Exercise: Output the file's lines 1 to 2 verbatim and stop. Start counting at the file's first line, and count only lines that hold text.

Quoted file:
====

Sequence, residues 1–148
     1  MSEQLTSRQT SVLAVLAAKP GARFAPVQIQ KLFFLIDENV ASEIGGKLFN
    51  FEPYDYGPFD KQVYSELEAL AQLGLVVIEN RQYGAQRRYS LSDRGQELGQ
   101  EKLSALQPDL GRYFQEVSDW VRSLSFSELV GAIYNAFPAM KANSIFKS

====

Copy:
Sequence, residues 1–148
     1  MSEQLTSRQT SVLAVLAAKP GARFAPVQIQ KLFFLIDENV ASEIGGKLFN